Jack Thompson's House on the Big Island; Photo by Chuck Denny
Jack Thompson's House on the Big Island; Photo by Chuck Denny

BY CHUCK DENNY – It all started Jan 18, 2008, the lava was flowing out of the east flank of Pu’u O’o and I arrived for my 1st visit to Jack Thompson’s lava house.

The surface flow was being pushed two miles SE and nearing Royal Gardens.

The terminus of the lava flow was on the cusp of entering the northern boundary of the Royal Gardens subdivision above Prince and Ali’i Avenues at Ekaha St.

Four years and 7 visits later, the entire subdivision that was once 1.5 miles in width and 1.5 miles in length was reduced to the 500 foot arterial of Plumeria St…(Jack’s street)…..and one small 500 foot strip of lower Orchid St., 1 mile to the east.

Seven east/west streets and 7 north/south avenues that encompass the entire subdivision were obliterated over a 3 year span.

Photo by Chuck Denny

The lava flow that overran Mr. Thompson’s residence the evening of Friday, March 2, 2012, was unconventional and awkward. If it was to happen, it was to happen in the best of all scenarios, Jack Thompson style………at night, no media, and no photographs by lava paparazzi to sell and benefit from…..at Jack’s expense.

The heavy pressure in the lava tube from continued inflation periods kept an ongoing outcrop of surface flow breakouts high on the pali. The surface flow of lava from the original November/December 2011 breakout, had split in 2 directions 1.5 miles above the subdivision boundary.

The flow that meandered down the east side of Jack’s residence during the December 2011 episode, kept coming and stayed on the same path and continued down the pali to the coastal plain.

The other lobe breached over the western side of the December 2011 flow and atop the two mile long 15-20 foot elevated stretch known as the Warrior flow of the 1980s.

Lava field on Hawaii Island in November 2011 - Photo by Chuck Denny

Amazingly the pahoehoe stayed atop and overran the older a’a flow, instead of following the path of least resistance which was a lower 20 foot trench on the west side of the Warrior flow.

Madame Pele came barreling down with a vengeance carving a new path directly above the house. I made contact with Jack 90 minutes before evacuation and he was calm amid all the underlining chaos.

My visits to Jack’s coveted Lava House were life changing. He was genuine, animated, humorous, yet straightforward. The lava house was Jack’s sanctuary of which he was very protective.

It was a mammoth among the trees, a beautiful 3 bedroom hand crafted home, suited with all amenities and visible from the Wahaula ocean entry point 2 miles in the distance. Jack was a mechanical wizard and I was amazed at how this beautiful remote home was built to completion.

Lava field near Jack Thompson's Home on Hawaii Island - Chuck Denny

Upon each forthcoming arrival, many nights were filled star gazing and viewing the coastal plain with thousands of glowing orange illuminations, as the lava poured down the pali, onto the lower flats, and at times stretching out a half mile in width as the lava marched to the ocean.

Each visit, new lava, new location, new ocean entry point, new land being created. Talking story, great BBQ’s, and exceptional hospitality were the ongoing occurrences each visit.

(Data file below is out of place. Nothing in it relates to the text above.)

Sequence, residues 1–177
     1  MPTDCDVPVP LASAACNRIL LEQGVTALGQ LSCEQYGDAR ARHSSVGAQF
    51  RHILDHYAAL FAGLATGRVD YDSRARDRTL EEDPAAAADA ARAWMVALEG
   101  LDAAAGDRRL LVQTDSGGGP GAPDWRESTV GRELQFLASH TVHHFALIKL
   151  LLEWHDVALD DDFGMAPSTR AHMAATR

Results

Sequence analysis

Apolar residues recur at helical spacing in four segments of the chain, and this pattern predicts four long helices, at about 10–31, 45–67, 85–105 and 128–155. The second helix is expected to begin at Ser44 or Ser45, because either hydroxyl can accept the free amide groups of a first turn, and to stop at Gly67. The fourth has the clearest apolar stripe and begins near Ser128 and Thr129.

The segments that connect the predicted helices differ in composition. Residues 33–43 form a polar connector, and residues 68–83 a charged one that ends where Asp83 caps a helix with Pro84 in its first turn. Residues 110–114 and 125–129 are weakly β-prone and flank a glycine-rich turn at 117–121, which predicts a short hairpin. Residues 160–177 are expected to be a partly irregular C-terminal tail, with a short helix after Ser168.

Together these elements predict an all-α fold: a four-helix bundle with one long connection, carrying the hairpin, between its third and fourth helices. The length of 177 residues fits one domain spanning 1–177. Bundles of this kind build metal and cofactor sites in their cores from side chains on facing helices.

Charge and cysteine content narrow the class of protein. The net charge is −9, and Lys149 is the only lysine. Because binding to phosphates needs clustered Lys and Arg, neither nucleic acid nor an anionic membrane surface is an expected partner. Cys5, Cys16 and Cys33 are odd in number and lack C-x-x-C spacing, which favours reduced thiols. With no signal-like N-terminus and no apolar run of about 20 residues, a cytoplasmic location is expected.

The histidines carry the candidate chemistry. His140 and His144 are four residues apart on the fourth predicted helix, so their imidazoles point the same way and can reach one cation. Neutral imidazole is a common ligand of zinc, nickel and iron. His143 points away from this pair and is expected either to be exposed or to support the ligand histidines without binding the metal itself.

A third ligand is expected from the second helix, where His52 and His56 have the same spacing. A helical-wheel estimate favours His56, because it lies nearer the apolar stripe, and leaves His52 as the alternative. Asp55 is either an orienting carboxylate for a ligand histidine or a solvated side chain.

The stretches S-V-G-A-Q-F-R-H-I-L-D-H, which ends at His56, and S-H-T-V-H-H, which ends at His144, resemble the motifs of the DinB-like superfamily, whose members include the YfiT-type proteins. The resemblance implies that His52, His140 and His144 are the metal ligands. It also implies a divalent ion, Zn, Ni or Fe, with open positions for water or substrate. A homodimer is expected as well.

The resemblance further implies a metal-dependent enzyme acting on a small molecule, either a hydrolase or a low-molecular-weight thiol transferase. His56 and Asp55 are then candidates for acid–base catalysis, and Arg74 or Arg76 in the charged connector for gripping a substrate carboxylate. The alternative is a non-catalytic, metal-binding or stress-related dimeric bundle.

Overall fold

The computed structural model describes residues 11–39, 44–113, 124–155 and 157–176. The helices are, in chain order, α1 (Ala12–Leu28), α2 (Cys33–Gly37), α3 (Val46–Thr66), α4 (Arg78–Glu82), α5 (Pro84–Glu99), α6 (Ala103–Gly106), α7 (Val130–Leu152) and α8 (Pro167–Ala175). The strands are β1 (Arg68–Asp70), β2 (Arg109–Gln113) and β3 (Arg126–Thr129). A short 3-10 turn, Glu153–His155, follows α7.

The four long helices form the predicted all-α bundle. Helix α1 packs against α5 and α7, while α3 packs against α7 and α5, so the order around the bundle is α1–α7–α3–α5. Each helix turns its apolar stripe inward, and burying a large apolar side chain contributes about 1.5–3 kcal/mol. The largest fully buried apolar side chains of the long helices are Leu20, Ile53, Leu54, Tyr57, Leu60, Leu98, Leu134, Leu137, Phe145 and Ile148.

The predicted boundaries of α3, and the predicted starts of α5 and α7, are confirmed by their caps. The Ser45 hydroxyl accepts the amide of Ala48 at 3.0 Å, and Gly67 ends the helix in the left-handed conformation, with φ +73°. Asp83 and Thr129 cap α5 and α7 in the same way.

When Jack’s primary access to the outside world were cut off mid 2008, it wasn’t an inconvenience to Jack. He indicated his 3-4 miles hikes each way in and out to Kalapana gave him time to dig deep into his mental archives.

Each hike, one step after another over hardened pahoehoe until either destination was reached.

Photo by Chuck Denny

It soon became a reality for me and I understood what he was referring to. I gained Jack’s friendship and built a trusting friendship.

The epitome of trust was that Jack allowed me to house sit for 17 days while Jack visited family January 2011.

This was unbestowed to anyone in 29 years.

For this, I have eternal gratitude.

I now had the opportunity to live in Mr. Thompson shoes for two weeks, had a greater appreciation for remoteness, solitude, tranquility, and on this trip be completely isolated and become grounded with mother nature. Jack’s lessons were to conserve, appreciate the simple things, and above all, live with dignity.

Now that his house is gone, my sadness can’t be compared to what Mr. Thompson is currently engaged in.

Jack Thompson's lava home - photo by Chuck Denny

To my good friend Jack, thank you for what you brought to my life, you enhanced my life, your company, your hospitality, the euphoria  prior to each arrival, the remorse upon each departure, the mind cleansing, the opportunity to roam Madame Pele’s front yard and admire the fine line between her ongoing landscaping project amid horrific devastation.

All ensuing visits brought endless unknown hiking experiences and I viewed these as admiring beautification changes and having a greater appreciation for them.

The hikes were exhilarating, filled with fear, anxiety, exhaustion, yet a sense of calm was always over me knowing the lava lodge was my refuge and always near.  The experiences will never be eclipsed.

Jack Thompson,……..one in a million, a very kind and gentle soul, one with extremely high values and morals, and one with zero tolerance for incompetence or ineptitude.

Royal Gardens has lost the residence of the greatest ambassador of the community.

Photos of Jack and Jack’s beautiful home are included in this story. His home will always be remembered in it’s pristine and statuesque form, and relived through these photos as I rewind the memories.

Chuck Denny is a photographer living in Hawaii Kai

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